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Damn good - but perfect? - 85%

L_H, April 16th, 2005

Sorry, but I can't get myself to rating this album 90 or even higher, for a reason to be explained more clearly below.

This was Maiden's first live album, recorded at the end of the World Slavery tour, after having released five (all classic) studio albums. The setlist is damn good and in fact close to perfect, and also makes it stand out against the later live albums, as it contains a fair number of tracks not appearing on the those others: Aces High, Revelations, Flight of Icarus, Rime of the Ancient Mariner, Powerslave, 22 Accacia Avenue, Children of the Damned, Die with your boots on and Phantom of the Opera. With the exception of Flight of Icarus (which is fair but overrated) and the final track, all these are in theory brilliant songs and reason enough for having the album. Another big bonus goes to the idea of the intro they had for their tour - Churchill's speech followed by Aces High must have been the ultimate way to start a show.

That is, if it weren't for one simple problem: Bruce must have totally neglected his warming up practices to get his voice set. There is no other explanation for the fact that his voice sounds utterly bad on the first three tracks of the album and only gets better from Revelations on (though that and the following track are still far from perfectly sung), whilst reaching a very fair sound on the following songs. However, his best performance by far on this album is on CD 2 - he sounds better than in the studio on those songs!!! All other playing was bloody well perfect from the start, by the way - especially the guitars and bass are on a very high standard. I still have to subtract a fair number of points for the poor vocals at the start of the album, though - especially on Aces High, as this is the only non-bootleg live version easily available.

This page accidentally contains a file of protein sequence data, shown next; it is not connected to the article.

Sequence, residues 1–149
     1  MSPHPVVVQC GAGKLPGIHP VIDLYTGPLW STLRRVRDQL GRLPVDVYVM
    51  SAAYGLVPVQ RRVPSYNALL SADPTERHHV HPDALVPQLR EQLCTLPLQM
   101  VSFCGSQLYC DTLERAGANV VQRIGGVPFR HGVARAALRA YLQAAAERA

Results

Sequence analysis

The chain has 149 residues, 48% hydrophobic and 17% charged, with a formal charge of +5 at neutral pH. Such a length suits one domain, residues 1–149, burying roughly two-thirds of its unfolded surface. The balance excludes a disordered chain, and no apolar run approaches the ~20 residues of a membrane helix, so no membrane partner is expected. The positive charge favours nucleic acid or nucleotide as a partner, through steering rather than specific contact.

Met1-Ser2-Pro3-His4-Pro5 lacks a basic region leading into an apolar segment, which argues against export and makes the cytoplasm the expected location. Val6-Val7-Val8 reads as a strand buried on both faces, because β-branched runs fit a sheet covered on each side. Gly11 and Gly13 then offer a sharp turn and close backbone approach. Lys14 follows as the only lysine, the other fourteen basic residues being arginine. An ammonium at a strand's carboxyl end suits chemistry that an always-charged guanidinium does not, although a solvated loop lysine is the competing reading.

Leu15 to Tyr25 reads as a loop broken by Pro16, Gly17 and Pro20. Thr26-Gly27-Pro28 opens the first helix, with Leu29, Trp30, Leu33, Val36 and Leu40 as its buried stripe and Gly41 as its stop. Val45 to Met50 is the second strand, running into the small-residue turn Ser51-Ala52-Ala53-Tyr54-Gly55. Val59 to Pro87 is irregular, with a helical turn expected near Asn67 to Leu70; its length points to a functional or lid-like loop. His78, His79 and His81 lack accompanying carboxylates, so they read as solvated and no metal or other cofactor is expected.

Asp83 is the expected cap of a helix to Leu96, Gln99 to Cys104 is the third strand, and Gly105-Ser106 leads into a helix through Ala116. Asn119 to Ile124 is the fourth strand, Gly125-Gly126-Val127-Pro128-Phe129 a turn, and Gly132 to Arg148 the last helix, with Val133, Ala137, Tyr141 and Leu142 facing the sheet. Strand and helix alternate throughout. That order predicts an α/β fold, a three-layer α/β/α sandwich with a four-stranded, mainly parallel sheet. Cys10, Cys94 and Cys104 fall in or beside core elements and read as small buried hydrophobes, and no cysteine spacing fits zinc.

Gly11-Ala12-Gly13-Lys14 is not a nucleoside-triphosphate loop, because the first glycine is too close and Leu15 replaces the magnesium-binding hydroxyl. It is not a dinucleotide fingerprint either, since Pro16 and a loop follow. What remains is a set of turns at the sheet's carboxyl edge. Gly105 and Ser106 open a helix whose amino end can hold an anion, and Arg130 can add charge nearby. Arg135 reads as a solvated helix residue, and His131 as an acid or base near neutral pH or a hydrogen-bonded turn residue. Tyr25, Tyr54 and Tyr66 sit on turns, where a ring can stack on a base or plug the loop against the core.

The tracklist in and on itself is very good - all songs except Flight of Icarus and Phantom of the Opera are among the best that were available to Maiden at the time, and more than half the tracks are exclusive to this album. I do, however, have to criticise that the Killers album was almost entirely left out, except for the one track Wrathchild - the other albums were all honoured with 3-5 tracks each. Also, the excellent Where Eagles Dare is unfortunately notably absent. This, along with the noted lacking in Bruce's vocal performance, keeps me from rating this any higher - and frankly, both of the later major live albums (Live at Donington and Rock in Rio) are overall superior to this one.